The first generation small block was revised to create the second generation LT1/LT4 that was used for some applications from ’92 to ’97, but the results didn’t satisfy the people at GM Powertrain, so they started all over in ’91 and designed a brand new small block.
It’s officially called the “Gen III” motor, but it’s usually known as the “LS1″ because that’s what it was called when it was originally installed in the ’97 Corvette. This new engine family had the same bore spacing as the original small block, but that’s the only thing that stayed the same. The Gen III engine was smaller and lighter, it made more horsepower and torque per cubic inch, created fewer emissions and got better fuel mileage than the Chevy 350 it replaced. It was designed to be built in multiple displacements from day one so it could be used in a wide variety of cars and trucks later on. GM also made sure that the overall size and shape of the “package” would fit in a FWD application, too, so it should be no surprise that the Pontiac Grand Prix GXP is available with the 5.3L this year.
The Gen III motor that was originally installed in the ’97 Corvette as the LS1 was a 345/5.7L version that made 345 hp and 350 ft.lbs. of torque. After two years of successful experience with the 5.7L in the Corvette, Camaro and Firebird, GM had enough confidence in the design to go ahead and replace the first generation 305 and 350 with the new 4.8L/5.3L/6.0L engines in all of their pickup trucks. Today, the Gen III motors are used in the Corvette, the GTO and the FWD Pontiac GXP along with all of the GM trucks and vans. And, the LS1 is winning at the drag strip, just like the original small block did back in the ’50s and ’60s, so history repeats itself all over again.
The GM engineers did their homework when they designed these engines, so they haven’t had to make a lot of changes, but there are four engines, each with a different combination of parts, so there are still three rods, four blocks, six cranks and seven heads to keep track of so far. Putting the wrong parts in the wrong engine will cause problems, so it’s important to know exactly what goes where unless you want to do it over again. With that in mind, let’s take a look at how these engines all fit together.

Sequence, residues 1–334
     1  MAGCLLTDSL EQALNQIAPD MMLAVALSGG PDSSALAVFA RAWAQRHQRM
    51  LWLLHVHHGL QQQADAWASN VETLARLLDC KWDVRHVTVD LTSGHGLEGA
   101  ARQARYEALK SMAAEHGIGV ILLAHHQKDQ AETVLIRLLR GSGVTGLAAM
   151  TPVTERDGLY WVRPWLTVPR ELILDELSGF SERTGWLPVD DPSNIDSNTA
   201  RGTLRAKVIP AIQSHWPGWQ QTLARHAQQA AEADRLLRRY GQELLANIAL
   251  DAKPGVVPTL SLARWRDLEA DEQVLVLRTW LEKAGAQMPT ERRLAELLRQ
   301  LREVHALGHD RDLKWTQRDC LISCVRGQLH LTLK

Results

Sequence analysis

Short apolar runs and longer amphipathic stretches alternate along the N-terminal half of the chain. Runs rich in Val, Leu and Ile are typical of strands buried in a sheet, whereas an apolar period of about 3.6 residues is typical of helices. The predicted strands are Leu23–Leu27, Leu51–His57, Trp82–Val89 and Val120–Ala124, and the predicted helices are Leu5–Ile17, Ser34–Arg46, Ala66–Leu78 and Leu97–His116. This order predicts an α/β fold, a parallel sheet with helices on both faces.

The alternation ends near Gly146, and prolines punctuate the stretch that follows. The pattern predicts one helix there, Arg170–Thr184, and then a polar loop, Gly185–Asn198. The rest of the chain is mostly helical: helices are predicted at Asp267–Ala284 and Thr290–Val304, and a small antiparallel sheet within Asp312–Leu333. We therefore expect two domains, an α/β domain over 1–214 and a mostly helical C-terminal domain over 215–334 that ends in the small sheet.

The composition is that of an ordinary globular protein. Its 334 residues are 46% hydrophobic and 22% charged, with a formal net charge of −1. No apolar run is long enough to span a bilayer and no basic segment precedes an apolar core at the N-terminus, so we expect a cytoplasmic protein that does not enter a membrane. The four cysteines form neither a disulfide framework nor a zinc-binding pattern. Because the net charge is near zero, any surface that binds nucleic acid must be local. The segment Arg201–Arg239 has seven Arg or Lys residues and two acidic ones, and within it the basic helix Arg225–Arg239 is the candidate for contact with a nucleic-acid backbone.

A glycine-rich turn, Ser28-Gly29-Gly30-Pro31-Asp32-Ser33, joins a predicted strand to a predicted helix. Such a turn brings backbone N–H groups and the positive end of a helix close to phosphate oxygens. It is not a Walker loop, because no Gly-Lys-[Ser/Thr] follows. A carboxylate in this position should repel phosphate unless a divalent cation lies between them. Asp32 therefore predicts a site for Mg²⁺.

GM has used five different blocks for the Gen III family. There are iron blocks for the 4.8L/5.3L and 6.0L along with aluminum blocks for the 5.3L, 5.7L and 6.0L.
There’s only one internal difference in the blocks that rebuilders need to keep in mind. The OD of the cam bores was changed for model year ’04, so the later engines require a different set of cam bearings, even though the cam and everything else stayed the same.
All the head bolts have blind holes, so rebuilders need to make sure there’s no debris or oil in them before torquing the head bolts down, because the hydraulic pressure will split the block wide open if there’s anything left in the hole.
1999 – ’04 – 4.8L Trucks
The 4.8L block was made of cast iron and carried a 12551358 casting number. This block was used from ’99-’04 for all the 4.8L motors.
1999 -’04 – 5.3L Trucks
The 5.3L engines had a longer stroke than the 4.8L, but they had the same bore so they shared a common block. All of the ’99-’03 engines and most of the ’04s came with the 12551358 cast iron block, but there were a few that had an aluminum block.
The ’04 Chevy SSR truck, Chevy Trailblazer EXT, GMC Envoy XL, and Buick Rainier all came with an aluminum block that was either a 12566910 or a 12571048 casting.